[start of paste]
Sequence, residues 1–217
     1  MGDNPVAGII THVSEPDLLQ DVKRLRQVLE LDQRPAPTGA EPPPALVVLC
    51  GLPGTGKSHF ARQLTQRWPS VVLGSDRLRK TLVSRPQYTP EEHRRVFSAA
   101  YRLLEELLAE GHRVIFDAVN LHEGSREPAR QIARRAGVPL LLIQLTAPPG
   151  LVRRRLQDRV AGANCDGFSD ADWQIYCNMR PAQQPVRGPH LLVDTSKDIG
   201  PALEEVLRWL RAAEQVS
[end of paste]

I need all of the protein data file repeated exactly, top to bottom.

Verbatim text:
Sequence, residues 1–217
     1  MGDNPVAGII THVSEPDLLQ DVKRLRQVLE LDQRPAPTGA EPPPALVVLC
    51  GLPGTGKSHF ARQLTQRWPS VVLGSDRLRK TLVSRPQYTP EEHRRVFSAA
   101  YRLLEELLAE GHRVIFDAVN LHEGSREPAR QIARRAGVPL LLIQLTAPPG
   151  LVRRRLQDRV AGANCDGFSD ADWQIYCNMR PAQQPVRGPH LLVDTSKDIG
   201  PALEEVLRWL RAAEQVS